Akaka Bill Moves Forward
Native Hawaiian government act passes in House.
On Tuesday, Feb. 23, The U.S. House of Representatives passed the Native Hawaiian Government Reorganization Act, also known as the Akaka Bill. The vote was 245 to 164.
Authored by Sen. Daniel Akaka, the bill would allow Native Hawaiians to form their own government and negotiate with the United States on a sovereign level.
“The passage of the Native Hawaiian Government Reorganization Act is an important milestone for all the people of Hawaii,” Akaka wrote in a statement released Tuesday. “We have a moral obligation, unfulfilled since the overthrow of Queen Liliuokalani, that we are closer to meeting today. I thank and congratulate Reps. (Neil) Abercrombie and (Mazie) Hirono for their leadership and work to bring about today’s successful vote. Neil’s unwavering support for federal recognition of Native Hawaiians over the past decade is greatly appreciated. I am optimistic about bringing the bill to the Senate floor this year.”
Gov. Linda Lingle finds the bill unfair to non-Hawaiians living in Hawaii.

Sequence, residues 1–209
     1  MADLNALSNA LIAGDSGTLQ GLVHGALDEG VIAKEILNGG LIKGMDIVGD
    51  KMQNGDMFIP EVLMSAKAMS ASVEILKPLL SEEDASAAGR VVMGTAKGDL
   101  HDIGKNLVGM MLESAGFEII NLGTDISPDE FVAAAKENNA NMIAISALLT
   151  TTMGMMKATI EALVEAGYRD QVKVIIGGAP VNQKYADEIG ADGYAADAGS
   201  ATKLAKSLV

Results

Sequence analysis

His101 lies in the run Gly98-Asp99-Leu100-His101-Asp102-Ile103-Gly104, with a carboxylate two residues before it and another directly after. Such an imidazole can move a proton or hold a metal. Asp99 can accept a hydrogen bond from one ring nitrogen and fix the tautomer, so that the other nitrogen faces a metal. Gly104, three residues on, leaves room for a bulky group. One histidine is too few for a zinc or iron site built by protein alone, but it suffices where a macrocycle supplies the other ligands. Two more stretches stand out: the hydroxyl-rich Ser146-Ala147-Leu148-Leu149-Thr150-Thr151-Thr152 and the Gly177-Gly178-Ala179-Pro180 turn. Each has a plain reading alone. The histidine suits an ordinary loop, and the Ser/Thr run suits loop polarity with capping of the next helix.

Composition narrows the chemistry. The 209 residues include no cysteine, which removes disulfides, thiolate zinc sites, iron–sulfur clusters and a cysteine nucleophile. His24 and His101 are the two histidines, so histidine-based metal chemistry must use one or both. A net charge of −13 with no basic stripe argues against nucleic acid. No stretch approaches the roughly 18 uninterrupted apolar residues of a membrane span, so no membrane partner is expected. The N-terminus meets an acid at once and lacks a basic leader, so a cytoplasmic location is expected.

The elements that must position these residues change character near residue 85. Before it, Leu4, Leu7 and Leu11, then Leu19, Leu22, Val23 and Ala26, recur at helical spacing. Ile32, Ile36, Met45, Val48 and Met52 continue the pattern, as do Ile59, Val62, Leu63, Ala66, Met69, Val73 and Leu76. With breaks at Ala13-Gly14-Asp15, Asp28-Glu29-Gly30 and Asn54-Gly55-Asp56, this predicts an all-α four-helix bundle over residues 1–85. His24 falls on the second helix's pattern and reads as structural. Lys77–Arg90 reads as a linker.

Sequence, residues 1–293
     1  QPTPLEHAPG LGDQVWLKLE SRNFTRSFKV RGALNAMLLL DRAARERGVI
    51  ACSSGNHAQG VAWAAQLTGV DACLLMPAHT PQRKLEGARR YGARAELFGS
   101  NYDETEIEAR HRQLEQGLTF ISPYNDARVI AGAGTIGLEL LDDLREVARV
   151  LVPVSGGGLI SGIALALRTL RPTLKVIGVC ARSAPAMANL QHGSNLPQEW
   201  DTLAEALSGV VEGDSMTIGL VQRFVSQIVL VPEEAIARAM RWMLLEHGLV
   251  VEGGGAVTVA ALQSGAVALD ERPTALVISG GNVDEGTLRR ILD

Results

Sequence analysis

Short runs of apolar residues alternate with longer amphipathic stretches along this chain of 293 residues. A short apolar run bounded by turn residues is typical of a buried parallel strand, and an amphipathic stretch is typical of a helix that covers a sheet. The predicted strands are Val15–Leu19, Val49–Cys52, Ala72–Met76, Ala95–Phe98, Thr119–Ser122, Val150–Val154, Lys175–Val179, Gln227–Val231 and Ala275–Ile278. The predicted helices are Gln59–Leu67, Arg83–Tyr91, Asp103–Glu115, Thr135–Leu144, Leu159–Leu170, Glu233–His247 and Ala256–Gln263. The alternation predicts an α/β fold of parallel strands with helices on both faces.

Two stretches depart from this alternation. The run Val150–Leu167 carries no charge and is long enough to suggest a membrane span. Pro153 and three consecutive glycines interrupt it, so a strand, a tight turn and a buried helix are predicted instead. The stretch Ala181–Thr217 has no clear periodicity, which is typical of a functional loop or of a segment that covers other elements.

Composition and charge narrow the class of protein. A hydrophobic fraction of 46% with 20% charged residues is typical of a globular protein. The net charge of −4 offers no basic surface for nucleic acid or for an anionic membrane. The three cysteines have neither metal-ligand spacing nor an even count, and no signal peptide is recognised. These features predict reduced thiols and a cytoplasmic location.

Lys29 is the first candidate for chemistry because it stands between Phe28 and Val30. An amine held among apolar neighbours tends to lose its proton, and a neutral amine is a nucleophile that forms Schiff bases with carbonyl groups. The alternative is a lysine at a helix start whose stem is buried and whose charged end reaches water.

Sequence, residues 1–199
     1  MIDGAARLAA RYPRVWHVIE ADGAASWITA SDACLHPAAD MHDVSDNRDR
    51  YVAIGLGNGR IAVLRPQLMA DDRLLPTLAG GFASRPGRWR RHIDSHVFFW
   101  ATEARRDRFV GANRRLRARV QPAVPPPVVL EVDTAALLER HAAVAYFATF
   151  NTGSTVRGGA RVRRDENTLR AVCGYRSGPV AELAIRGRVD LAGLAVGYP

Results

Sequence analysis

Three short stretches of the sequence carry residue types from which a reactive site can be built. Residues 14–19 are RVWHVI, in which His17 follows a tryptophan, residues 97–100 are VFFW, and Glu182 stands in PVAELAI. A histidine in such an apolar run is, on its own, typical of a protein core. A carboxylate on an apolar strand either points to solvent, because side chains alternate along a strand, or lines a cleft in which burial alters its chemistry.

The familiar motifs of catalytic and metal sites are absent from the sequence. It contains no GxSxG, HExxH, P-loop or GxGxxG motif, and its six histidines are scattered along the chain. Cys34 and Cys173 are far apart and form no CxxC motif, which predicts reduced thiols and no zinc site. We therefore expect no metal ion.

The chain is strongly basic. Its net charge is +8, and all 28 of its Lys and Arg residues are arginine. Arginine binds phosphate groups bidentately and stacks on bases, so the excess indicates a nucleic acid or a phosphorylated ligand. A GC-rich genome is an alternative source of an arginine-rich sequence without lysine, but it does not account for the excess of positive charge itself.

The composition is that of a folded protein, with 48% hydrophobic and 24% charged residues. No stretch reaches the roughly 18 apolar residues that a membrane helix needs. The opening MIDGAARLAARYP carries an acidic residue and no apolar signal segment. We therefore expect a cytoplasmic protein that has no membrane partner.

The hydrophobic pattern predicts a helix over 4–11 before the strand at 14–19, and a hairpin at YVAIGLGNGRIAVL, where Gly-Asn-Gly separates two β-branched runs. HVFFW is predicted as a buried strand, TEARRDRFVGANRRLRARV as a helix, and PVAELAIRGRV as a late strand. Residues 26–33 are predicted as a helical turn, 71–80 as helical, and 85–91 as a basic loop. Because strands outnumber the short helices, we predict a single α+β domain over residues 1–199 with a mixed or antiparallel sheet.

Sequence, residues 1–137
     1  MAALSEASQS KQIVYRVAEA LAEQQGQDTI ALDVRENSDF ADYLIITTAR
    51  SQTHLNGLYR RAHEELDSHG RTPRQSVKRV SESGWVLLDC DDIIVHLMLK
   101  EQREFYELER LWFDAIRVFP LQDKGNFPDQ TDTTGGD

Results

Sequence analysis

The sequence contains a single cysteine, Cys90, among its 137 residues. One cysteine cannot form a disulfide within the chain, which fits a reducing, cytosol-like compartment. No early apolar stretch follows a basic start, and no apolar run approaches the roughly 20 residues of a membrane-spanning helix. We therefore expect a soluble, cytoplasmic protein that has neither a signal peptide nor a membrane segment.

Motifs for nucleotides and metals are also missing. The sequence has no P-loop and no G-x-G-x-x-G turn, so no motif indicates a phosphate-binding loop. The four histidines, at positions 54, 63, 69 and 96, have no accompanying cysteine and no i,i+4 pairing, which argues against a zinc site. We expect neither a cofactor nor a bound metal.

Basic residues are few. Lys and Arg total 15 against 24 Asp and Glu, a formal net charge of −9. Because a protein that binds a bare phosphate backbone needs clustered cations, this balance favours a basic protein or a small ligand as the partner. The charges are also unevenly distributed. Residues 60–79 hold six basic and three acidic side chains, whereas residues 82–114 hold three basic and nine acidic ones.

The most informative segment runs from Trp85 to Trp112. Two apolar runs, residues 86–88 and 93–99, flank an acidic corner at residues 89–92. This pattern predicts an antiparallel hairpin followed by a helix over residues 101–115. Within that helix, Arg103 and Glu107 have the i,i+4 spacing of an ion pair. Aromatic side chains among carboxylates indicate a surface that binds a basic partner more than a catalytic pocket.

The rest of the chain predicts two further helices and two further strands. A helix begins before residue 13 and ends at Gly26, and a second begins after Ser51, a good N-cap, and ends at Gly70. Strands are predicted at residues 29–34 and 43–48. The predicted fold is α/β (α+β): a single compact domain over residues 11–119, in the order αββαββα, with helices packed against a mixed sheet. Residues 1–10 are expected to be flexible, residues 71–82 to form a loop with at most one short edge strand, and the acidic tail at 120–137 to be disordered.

“Although I believe the original plan to negotiate first makes more sense, my administration has tried to work with the Hawai‘i Congressional delegation on the new structure to establish governing powers first, with negotiations to follow. Ultimately, although we had good and productive discussions, the current draft of the bill is not one I can support,” Lingle wrote in a statement released before the House vote.
“Though the Governor had some reservations, I am certain that the bill protects the interests of all the people in Hawaii. The bill passed today specifically says ‘members of the Native Hawaiian governing entity will continue to be subject to the civil and criminal jurisdiction of Federal and State courts.’ The native governing entity cannot regulate non-Hawaiians. The native governing entity will need to enter into negotiations with the State of Hawaii and the United States, and all three parties will want to be in good standing and comply with existing law. Any agreements on transfers of authority or land will require the approval of the state legislature” Akaka said.
The bill is now in the Senate for debate and vote.